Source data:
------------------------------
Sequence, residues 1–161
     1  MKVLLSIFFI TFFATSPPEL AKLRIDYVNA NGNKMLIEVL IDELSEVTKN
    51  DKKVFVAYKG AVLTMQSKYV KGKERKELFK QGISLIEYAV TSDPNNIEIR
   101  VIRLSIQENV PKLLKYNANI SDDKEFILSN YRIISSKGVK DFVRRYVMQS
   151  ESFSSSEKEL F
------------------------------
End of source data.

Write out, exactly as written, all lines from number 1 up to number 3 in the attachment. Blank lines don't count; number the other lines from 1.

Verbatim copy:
Sequence, residues 1–161
     1  MKVLLSIFFI TFFATSPPEL AKLRIDYVNA NGNKMLIEVL IDELSEVTKN
    51  DKKVFVAYKG AVLTMQSKYV KGKERKELFK QGISLIEYAV TSDPNNIEIR